A Common Name for a Not so Common River – The Smith

With today’s technology constantly expanding, it is getting harder to totally unplug while on the water. Isn’t that one of the reasons why most of us fish? To let our minds wander away from sales, calls, emails, and texts—it often feels therapeutic. Now, imagine being unplugged for over four days while experiencing the best scenery Montana has to offer. Oh, and the fishing is pretty good, too. Myself and Frontiers Marketing Manager, Anthony Conti, joined one of the four-night/five-day floats that Lewis and Clark Outfitters launched in mid-June with five other anglers of various ages from all over the country. There is 59 miles of blue-ribbon trout fishing and no cell or Wi-Fi service, just what the doctor ordered.

This float trip launches at Camp Baker (two hours northeast of Helena, MT) and ends at the bridge in Eden (30 minutes south of Great Falls, MT). The Smith River flows south to north and borders Lewis and Clark National Forest. The Smith is a regulated river and has a limited number of permits, making this trip highly sought-after by a great number of fishermen and campers. The float takes eight anglers, four fishing guides, and three gear boaters.

Each day, we woke up to birds chirping, the sound of the river right outside our tent, and feeling refreshed. This was often my favorite part of each day—enjoying a warm cup of coffee and watching nature come to life as the sun started peaking over the tall canyon walls. Breakfast typically consisted of fresh fruit, eggs, blueberry pancakes, thick bacon, and French toast as we identified birds that would sit perched above us or other wildlife that would pass through. After breakfast, anglers, guides, and gear boaters packed up and started the extremely scenic 10-16 mile float to the next campsite.

Once on the water, we had consistent dry fly fishing for about two hours and then would switch to subsurface tactics with streamers and nymphs. Fish were often holding tight to the canyon walls, so flies had to be presented within 6” of the rock face. The fish would typically eat the dries very early in the drift, as they don’t have much time to decide whether or not to let a meal pass by! We had most of our dry fly success with yellow sallies and salmon flies. After the dry fly fishing slowed down, a rubber-legged stonefly under an indicator would typically move fish in all the susceptible water (riffles, pools, and drop-offs).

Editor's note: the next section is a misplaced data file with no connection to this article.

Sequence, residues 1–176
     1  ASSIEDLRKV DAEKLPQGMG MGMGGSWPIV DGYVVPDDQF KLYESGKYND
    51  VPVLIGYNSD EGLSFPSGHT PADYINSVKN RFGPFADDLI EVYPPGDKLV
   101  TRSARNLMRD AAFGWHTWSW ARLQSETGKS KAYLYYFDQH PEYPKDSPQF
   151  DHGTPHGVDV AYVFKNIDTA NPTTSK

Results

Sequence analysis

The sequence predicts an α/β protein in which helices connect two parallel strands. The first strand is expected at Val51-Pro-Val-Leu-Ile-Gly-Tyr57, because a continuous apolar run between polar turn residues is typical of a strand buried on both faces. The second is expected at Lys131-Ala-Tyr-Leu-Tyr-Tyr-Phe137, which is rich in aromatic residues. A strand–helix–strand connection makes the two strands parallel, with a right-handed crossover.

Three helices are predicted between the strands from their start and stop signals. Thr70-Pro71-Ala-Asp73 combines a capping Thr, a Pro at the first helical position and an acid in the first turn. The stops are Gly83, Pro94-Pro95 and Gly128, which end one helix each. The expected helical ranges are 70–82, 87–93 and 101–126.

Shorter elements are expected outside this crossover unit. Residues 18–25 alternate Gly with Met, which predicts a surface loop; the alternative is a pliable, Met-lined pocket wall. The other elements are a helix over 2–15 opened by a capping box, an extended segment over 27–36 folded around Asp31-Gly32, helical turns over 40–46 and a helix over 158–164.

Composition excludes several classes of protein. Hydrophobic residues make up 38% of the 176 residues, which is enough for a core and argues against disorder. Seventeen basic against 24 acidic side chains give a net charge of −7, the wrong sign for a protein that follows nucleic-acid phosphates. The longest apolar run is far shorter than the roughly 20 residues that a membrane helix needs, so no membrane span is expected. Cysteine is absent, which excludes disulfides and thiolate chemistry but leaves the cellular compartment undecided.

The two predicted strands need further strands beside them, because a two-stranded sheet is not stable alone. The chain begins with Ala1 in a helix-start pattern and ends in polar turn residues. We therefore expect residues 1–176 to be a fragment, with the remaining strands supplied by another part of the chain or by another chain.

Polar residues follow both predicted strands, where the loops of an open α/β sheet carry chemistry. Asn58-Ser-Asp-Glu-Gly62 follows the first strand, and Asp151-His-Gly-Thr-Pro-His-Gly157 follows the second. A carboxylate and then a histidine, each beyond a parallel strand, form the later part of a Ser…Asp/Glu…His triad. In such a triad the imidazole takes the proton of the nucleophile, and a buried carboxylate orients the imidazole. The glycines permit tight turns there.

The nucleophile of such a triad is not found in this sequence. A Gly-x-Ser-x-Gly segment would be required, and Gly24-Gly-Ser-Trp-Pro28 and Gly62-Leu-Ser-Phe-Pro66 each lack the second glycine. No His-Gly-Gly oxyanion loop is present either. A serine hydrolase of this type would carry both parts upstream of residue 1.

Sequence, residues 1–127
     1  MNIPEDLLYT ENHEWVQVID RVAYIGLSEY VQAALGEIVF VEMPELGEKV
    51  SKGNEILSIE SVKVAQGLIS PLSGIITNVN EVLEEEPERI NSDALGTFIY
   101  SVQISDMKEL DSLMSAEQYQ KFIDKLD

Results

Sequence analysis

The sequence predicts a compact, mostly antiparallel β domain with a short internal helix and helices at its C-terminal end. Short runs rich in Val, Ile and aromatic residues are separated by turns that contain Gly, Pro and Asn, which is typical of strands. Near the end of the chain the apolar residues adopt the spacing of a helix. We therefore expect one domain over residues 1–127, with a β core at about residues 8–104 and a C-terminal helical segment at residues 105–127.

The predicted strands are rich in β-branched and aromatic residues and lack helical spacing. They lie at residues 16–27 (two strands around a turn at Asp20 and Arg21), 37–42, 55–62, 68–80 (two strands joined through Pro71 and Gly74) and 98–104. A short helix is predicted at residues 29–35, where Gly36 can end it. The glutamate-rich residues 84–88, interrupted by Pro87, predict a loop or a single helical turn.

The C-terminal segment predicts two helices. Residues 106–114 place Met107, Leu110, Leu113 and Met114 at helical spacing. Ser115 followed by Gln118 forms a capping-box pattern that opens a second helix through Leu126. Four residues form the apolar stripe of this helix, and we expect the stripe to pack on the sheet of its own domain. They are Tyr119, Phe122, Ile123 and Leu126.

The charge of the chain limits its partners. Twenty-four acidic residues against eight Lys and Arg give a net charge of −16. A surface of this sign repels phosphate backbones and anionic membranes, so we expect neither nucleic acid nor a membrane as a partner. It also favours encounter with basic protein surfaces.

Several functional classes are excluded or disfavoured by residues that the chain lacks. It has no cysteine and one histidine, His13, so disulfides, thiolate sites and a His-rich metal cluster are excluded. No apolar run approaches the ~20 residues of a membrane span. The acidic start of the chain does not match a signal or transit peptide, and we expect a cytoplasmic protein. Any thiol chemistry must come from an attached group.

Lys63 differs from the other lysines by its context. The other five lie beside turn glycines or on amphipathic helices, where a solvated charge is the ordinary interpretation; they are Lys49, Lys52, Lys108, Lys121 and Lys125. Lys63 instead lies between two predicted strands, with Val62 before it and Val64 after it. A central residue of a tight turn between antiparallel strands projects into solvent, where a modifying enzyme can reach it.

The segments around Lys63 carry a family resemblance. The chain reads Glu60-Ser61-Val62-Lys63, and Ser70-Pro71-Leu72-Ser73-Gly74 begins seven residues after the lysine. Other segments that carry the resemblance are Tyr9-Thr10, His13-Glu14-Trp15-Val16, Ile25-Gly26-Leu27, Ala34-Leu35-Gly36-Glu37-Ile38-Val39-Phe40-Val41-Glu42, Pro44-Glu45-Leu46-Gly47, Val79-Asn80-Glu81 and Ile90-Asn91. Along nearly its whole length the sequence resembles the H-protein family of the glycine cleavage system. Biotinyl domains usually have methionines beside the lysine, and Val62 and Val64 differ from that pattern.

As with any trout stream, fishing tended to slow down mid-day once the sun was directly overhead. Instead of continuing downriver, our group would meet for lunch onshore and discuss the first half of the day over wine, crackers, and sandwiches. By the time we finished eating, the fishing would start to pick up again. In fact, the streamer bite in the afternoon was frequently great! Targeting the edge of fast/slow water was the name of the game. Most of the fish that wanted a larger meal were browns in the range of 16”-20” with some bigger ones in the mix.

At the end of each day on the water (5-6 p.m.), guides would anchor at the banks of the next campsite, which the gear boaters already established by floating ahead of the fishing guides. Once on land, we chose our tents, freshened up, and sat around the fire, observing the locals (mule deer, bald eagles, golden eagles, western tanagers, swallows, and owls). We then enjoyed a flawlessly prepared riverside dinner and dessert.  My favorite meal was a large steak that was grilled to perfection over the open campfire. After dinner, everyone would slowly make their way back to their tents to prepare for the next day on the water and a restful night’s sleep.

The massive canyon walls, wildlife, and fishing, obviously makes for an unforgettable experience. However, the fact that no one could check emails or make phone calls played an equal role in what made the trip so enjoyable. There were plenty of times throughout the trip when I had no idea where my phone was (safely packed in my dry bag), and it was great! Not being accessible by phone for five days of fishing and four nights of camping reminded me to enjoy my surroundings and enjoy Mother Nature at its best.